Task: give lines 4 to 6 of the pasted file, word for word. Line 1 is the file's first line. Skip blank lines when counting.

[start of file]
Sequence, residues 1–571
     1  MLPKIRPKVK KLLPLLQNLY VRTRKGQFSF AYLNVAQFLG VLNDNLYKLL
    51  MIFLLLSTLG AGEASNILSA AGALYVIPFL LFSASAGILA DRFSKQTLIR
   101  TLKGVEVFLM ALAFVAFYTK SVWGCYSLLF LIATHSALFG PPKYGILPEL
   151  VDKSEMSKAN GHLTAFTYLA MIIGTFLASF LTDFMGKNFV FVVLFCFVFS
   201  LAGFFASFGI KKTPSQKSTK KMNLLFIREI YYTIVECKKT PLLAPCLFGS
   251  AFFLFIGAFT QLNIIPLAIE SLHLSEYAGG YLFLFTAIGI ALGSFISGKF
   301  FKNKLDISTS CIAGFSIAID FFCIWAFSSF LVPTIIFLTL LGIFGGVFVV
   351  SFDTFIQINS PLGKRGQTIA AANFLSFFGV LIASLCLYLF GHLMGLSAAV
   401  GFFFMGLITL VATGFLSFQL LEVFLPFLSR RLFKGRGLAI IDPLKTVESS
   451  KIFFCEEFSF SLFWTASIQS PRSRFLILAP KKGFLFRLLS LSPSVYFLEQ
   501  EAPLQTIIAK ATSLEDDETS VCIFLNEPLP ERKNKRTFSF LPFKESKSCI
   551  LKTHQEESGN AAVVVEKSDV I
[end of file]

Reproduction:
   101  TLKGVEVFLM ALAFVAFYTK SVWGCYSLLF LIATHSALFG PPKYGILPEL
   151  VDKSEMSKAN GHLTAFTYLA MIIGTFLASF LTDFMGKNFV FVVLFCFVFS
   201  LAGFFASFGI KKTPSQKSTK KMNLLFIREI YYTIVECKKT PLLAPCLFGS